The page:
# When will Voyager 2 overtake Pioneer 10 as the 2nd most distant spacecraft from the Sun?

As of November 2020, Pioneer 10 is the 2nd most distant spacecraft from the Sun and Voyager 2 is the 3rd.

However Voyager 2's heliocentric velocity is significantly higher than Pioneer 10 and it seems destined to overtake it sooner rather than later.

When will that date come?

There is useful current data at Heavens Above. The relevant bit is

Voyager 2 is currently (Nov 2020) 125.4 AU from the Sun travelling at 3.231 AU/year, and Pioneer 10 at 127.2 AU and 2.512 AU/yr.

So we expect them to change places in the list in $$\frac{127.2-125.4}{3.231 - 2.512} = 2.50\quad\mathrm{ years}$$ so roughly May 2023.

• Right about now, then May 3 at 0:45
• @Infinite_Maelstrom more like right about now. Sep 9 at 16:42

Currently, PIONEER 10 is at a distance of 134.353 AU from the Sun and VOYAGER 2 is at a distance of 134.356 AU from the Sun, overtaking it at a relative speed of approximately (3.224-2.509)/365 = 0.002 AU per day. So it overtook Pioneer in distance from the Sun about 1.5 days ago, somewhere in the first half of September 10, 2023.

EDIT: At https://heavens-above.com/SolarEscape.aspx at 20:43 UTC distance Pioneer 10 134.353 AU > 134.354 AU, and at 20:45 UTC the distance of Voyager 2 134.356 AU > 134.357 AU, so this difference was almost perfectly 0.003 AU, so 0.003 / 0.0019575 = 1.53252 days = 1 day, 12 hours and about 47 minutes earlier, which gives with high precision September 10, 2023, 08:00 UTC (at more precise calculations around 08:03 UTC with an accuracy of approximately 5 minutes).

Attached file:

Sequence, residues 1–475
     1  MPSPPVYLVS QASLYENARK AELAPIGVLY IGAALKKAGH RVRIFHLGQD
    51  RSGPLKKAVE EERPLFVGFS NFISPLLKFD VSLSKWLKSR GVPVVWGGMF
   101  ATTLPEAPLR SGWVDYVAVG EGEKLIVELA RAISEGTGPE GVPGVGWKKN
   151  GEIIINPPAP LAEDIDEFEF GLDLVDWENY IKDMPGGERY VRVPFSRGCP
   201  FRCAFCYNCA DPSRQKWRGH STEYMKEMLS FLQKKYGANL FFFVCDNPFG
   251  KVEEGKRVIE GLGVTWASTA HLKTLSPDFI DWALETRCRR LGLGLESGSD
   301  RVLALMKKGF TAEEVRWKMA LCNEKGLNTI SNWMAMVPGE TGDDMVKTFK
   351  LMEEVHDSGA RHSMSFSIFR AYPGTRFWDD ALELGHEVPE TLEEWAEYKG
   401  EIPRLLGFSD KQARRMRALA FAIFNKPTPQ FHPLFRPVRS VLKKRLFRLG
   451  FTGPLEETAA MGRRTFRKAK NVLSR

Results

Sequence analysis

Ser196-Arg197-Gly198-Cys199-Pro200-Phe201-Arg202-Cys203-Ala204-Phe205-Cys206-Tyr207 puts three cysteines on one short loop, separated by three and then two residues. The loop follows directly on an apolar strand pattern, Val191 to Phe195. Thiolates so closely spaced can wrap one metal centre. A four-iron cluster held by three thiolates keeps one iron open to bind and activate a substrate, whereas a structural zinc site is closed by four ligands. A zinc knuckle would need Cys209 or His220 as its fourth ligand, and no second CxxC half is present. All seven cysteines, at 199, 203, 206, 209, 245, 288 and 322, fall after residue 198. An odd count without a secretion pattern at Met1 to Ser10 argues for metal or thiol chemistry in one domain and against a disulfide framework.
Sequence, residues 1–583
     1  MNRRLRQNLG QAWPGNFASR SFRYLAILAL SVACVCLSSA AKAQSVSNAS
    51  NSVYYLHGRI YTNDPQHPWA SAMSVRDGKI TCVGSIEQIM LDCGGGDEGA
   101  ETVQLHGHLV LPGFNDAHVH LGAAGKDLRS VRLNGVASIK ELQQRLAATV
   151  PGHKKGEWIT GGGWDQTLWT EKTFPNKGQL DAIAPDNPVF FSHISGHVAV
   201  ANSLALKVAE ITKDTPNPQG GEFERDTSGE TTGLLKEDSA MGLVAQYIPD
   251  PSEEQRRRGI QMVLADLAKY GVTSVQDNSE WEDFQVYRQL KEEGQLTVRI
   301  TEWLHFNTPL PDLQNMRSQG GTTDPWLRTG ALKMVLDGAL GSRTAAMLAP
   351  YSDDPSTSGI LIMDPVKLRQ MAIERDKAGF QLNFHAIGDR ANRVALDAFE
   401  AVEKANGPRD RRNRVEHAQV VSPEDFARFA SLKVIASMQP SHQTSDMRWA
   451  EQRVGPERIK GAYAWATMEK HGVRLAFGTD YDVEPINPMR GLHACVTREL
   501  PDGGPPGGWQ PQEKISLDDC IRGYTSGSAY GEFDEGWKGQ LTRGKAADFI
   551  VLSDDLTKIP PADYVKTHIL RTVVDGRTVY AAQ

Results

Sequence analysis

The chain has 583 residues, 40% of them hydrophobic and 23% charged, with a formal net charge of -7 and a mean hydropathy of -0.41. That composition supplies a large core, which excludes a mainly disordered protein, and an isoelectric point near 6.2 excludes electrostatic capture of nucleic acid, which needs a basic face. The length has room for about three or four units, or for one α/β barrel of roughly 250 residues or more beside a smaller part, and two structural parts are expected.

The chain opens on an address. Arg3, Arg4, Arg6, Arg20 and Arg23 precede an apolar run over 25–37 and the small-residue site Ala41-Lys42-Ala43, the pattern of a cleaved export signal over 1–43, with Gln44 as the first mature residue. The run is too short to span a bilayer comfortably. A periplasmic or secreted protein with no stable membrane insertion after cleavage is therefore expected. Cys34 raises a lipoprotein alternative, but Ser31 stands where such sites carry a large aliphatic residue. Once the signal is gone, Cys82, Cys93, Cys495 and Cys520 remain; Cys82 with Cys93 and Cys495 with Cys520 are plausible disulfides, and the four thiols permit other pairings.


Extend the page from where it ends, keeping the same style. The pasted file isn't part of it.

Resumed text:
• I think it's been 20 years since the last contact with Pioneer10, but I assume these numbers are nonetheless very accurate Sep 11 at 21:42

@Sheldon points out

I think it's been 20 years since the last contact with Pioneer10, but I assume these numbers are nonetheless very accurate

The blurb in the Horizons output for Pioneer 10 says:

The last fully successful acquisition of signal was March 3, 2002. Pioneer 10 signal at the Earth (<= 185 dBm) is now at DSN threshold limit of reception.

With that important caveat in mind, we can still look at the trajectories in Horizons which will be based on all observations of the spacecraft and an excellent model of the solar system's gravity. Barring some unknown venting events or new Pioneer anomalies, these should be pretty accurate.

The crossover for distance to the Sun (which moves around a bit relative to the solar system barycenter due to mostly Jupiter, Saturn, Neptune and Uranus, in order of decreasing effect) was roughly at about 2023-Jul-18 14:00 UTC at about 20.0343 billion km, and for the distance to the solar system barycenter it came a day earlier at about 2023-Jul-17 15:00 at about 20.0328 billion km.